Lifetime of a gesture¶
A gesture starts when the finger position and/or finger motion is unambiguous as to what gesture to trigger and continues until the first finger belonging to this gesture is lifted.
A single gesture cannot change the finger count. For example, if a user puts down a fourth finger during a three-finger swipe gesture, libinput will end the three-finger gesture and, if applicable, start a four-finger swipe gesture. A caller may however decide that those gestures are semantically identical and continue the two gestures as one single gesture.
Pinch gestures are executed when two or more fingers are located on the touchpad and are either changing the relative distance to each other (pinching) or are changing the relative angle (rotate). Pinch gestures may change both rotation and distance at the same time. For such gestures, libinput calculates a logical center for the gestures and provides the caller with the delta x/y coordinates of that center, the relative angle of the fingers compared to the previous event, and the absolute scale compared to the initial finger position.
The illustration above shows a basic pinch in the left image and a rotate in the right angle. Not shown is a movement of the logical center if the fingers move unevenly. Such a movement is supported by libinput, it is merely left out of the illustration.
Note that while position and angle is relative to the previous event, the scale is always absolute and a multiplier of the initial finger position’s scale.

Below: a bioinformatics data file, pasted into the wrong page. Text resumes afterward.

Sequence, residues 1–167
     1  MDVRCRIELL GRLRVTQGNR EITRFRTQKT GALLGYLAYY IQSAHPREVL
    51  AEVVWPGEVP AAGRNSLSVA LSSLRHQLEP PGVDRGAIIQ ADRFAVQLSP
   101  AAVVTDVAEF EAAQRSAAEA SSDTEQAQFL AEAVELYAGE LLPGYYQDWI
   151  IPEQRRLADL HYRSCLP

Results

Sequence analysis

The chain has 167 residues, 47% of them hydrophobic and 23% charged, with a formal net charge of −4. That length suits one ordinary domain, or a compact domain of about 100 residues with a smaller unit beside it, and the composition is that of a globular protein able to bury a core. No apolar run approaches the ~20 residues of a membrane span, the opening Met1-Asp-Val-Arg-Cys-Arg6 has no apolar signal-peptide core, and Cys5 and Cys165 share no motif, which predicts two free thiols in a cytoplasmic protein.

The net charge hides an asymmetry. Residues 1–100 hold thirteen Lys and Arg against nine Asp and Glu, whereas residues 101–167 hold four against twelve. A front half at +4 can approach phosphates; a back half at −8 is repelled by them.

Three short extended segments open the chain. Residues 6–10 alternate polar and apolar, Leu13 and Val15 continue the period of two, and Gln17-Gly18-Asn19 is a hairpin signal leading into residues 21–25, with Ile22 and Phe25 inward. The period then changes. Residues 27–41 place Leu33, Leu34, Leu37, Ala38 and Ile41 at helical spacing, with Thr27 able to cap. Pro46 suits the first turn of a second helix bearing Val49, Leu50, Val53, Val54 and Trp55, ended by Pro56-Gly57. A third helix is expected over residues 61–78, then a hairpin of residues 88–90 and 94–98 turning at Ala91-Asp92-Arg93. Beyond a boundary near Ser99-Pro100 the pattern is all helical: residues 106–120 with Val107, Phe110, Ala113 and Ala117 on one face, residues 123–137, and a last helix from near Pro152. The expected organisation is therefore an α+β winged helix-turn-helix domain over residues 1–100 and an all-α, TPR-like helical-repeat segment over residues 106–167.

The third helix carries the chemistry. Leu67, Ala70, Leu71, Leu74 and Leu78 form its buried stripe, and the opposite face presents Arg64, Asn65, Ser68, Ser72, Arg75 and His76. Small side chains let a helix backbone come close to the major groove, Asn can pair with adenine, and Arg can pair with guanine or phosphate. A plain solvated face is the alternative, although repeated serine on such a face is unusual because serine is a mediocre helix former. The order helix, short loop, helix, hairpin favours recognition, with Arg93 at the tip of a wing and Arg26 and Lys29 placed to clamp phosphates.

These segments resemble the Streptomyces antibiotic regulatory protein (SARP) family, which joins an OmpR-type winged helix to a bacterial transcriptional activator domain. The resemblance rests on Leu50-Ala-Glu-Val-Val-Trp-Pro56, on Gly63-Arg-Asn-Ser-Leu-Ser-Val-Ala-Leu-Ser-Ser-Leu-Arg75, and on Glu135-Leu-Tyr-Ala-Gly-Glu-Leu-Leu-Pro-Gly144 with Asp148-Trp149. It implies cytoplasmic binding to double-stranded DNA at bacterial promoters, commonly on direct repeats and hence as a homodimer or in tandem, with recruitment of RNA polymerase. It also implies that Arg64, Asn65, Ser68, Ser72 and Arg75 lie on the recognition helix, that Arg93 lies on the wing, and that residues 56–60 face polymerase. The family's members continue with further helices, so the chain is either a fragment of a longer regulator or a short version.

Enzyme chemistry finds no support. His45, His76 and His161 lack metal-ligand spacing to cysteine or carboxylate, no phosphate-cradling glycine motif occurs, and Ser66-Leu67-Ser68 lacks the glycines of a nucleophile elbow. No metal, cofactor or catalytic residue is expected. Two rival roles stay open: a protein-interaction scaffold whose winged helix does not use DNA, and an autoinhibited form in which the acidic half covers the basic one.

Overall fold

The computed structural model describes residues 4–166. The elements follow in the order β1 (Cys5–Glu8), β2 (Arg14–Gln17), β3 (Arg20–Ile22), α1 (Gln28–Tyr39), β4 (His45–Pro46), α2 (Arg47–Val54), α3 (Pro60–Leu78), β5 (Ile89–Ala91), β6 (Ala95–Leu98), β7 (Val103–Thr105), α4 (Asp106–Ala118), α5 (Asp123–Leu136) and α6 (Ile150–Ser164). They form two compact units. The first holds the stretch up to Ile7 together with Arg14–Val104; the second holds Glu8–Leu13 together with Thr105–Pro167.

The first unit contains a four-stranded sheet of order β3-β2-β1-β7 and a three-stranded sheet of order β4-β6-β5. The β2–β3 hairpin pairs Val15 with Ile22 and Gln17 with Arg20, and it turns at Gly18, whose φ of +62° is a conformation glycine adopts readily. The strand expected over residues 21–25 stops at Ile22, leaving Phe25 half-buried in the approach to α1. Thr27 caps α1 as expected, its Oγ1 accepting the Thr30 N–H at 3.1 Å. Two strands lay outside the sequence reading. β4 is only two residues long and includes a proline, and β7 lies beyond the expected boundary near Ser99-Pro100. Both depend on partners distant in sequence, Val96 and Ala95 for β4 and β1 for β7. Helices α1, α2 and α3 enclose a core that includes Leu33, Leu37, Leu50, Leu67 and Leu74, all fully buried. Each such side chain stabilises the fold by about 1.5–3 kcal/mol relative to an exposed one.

Swipe gestures are executed when three or more fingers are moved synchronously in the same direction. libinput provides x and y coordinates in the gesture and thus allows swipe gestures in any direction, including the tracing of complex paths. It is up to the caller to interpret the gesture into an action or limit a gesture to specific directions only.
The illustration above shows a vertical three-finger swipe. The coordinates provided during the gesture are the movements of the logical center.
Touchscreen gestures are not interpreted by libinput. Rather, any touch point is passed to the caller and any interpretation of gestures is up to the caller or, eventually, the X or Wayland client.
Interpreting gestures on a touchscreen requires context that libinput does not have, such as the location of windows and other virtual objects on the screen as well as the context of those virtual objects:
In the above example, the finger movements are identical but in the left case both fingers are located within the same window, thus suggesting an attempt to zoom. In the right case both fingers are located on a window border, thus suggesting a window movement. libinput has no knowledge of the window coordinates and thus cannot differentiate the two.
Gestures on two-finger touchpads¶
As of kernel 4.2, many Partial multi-touch touchpads provide only two slots. This affects how gestures can be interpreted. Touchpads with only two slots can identify two touches by position but can usually tell that there is a third (or fourth) finger down on the touchpad - without providing positional information for that finger.
Touchpoints are assigned in sequential order and only the first two touch points are trackable. For libinput this produces an ambiguity where it is impossible to detect whether a gesture is a pinch gesture or a swipe gesture whenever a user puts the index and middle finger down first. Since the third finger does not have positional information, it’s location cannot be determined.
The image above illustrates this ambiguity. The index and middle finger are set down first, the data stream from both finger positions looks identical. In this case, libinput assumes the fingers are in a horizontal arrangement (the right image above) and use a swipe gesture.